Hot Tub Water Temperature: What You Should Know | Outdoor Dream Company

Hot tubs offer an enjoyable way to unwind after exercise or with friends. But to maximize their use, the correct temperature must be chosen to enjoy every moment spent soaking.  Let’s look at some everyday things about hot tub water temperatures.

 

 

 

 

 

Thermostat Settings

 

 

 

 

Most hot tubs feature controls that make controlling and adjusting the temperature manageable, such as buttons marked “+” for increasing and “-” for decreasing temperature.

 

 

 

 

 

Maintaining an optimal temperature in your hot tub enables you to take more pleasure out of it. It reduces the amount of chemicals needed to maintain its quality, as well as makes hydrotherapy provided by its jets more effective.

 

 

 

 

 

Safety Measures

 

 

 

 

Hot tubs can reach temperatures as high as 106 degrees Fahrenheit or higher, potentially causing nausea, rashes, and other health problems for users.

 

 

 

 

 

Elderly individuals, pregnant women, and those living with heart conditions are advised to use lower water temperatures, as these groups tend to overheat more easily as their bodies cannot regulate themselves as efficiently.

 

 

 

 

 

Kids tend to be more sensitive than adults to hot water temperatures, and their inability to cool off quickly means they can quickly overheat in just minutes. Therefore, it’s crucial that their time in a hot tub be monitored, and they exit once their heart rate has returned to normal.

 

 

 

 

 

Be sure to wear a bathing suit thoroughly washed and sanitized before entering a hot tub to avoid infections from bacteria and microorganisms. Also, stay out of direct sunlight when using the hot tub.

 

 

 

 

 

Maintaining the Temperature

 

 

 

 

Finding your optimal hot tub temperature may require some trial and error, but once found, it’s crucial to maintain it to minimize running costs and stop it from becoming contaminated with harmful bacteria.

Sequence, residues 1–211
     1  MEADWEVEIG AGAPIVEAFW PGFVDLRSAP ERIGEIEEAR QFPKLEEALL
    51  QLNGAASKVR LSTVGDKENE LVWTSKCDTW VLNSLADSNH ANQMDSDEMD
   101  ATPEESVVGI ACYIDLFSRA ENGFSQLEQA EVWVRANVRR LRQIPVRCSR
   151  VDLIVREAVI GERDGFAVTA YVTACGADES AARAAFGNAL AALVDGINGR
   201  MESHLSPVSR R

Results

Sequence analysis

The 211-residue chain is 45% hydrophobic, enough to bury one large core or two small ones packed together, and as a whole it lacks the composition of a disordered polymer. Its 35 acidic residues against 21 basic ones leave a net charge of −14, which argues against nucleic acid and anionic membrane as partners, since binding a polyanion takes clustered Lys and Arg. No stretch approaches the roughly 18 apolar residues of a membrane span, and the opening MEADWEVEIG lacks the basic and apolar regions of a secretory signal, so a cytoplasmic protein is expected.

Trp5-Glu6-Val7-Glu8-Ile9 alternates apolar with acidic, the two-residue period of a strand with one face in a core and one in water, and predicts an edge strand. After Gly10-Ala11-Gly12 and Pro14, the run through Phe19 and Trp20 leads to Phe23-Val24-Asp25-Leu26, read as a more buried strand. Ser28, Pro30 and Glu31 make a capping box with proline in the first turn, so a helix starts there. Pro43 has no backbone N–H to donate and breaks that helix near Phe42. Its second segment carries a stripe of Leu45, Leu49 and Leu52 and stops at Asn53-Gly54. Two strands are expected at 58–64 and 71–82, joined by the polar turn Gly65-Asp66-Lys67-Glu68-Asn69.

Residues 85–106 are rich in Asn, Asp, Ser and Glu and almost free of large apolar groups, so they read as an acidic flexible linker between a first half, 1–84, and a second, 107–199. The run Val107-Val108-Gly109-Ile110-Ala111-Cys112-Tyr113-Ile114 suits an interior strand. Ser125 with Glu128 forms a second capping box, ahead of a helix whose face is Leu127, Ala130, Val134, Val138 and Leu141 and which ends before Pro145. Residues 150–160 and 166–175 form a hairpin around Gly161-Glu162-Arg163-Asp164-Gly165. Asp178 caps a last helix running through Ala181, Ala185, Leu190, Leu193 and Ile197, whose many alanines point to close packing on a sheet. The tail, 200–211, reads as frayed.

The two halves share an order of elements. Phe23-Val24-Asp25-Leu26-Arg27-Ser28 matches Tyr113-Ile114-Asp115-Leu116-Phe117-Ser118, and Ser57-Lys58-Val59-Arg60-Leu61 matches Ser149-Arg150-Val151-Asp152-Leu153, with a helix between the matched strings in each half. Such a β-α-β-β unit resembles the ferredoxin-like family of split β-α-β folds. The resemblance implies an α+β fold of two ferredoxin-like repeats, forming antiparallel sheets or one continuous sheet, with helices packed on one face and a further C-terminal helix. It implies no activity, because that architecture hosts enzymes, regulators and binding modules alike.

The PHTA suggests testing the water temperature before each use and keeping a thermometer handy just in case adjustments need to be made. In addition, testing during and between uses is also advised.

 

 

 

 

 

Temperatures mustn’t surpass 104 degrees Fahrenheit for young children, pregnant women, or people with certain heart conditions. Extended exposure can cause blood vessels to expand, leading to an increase in heart rate that may even result in fainting or shock.

 

 

 

 

 

Troubleshooting

 

 

 

 

Nothing puts a damper on a relaxing soak like discovering that the hot tub water is suddenly freezing or fluctuating unpredictably in temperature. Although this could indicate serious troubleshooting issues, in most cases, it can usually be resolved without professional services from a hot tub store.

 

 

 

 

 

Examine your filters for dirt and debris that might obstruct water flow and prevent heating. This could also deter jets from moving water around effectively, leading to colder than desired results. The recommended safe temperature range for hot tubs is 102 – 104 degrees Fahrenheit; most hot tubs should not exceed this threshold. If the temperature exceeds this limit, this may indicate that either your heater or temperature sensor needs recalibration.

 

 

 

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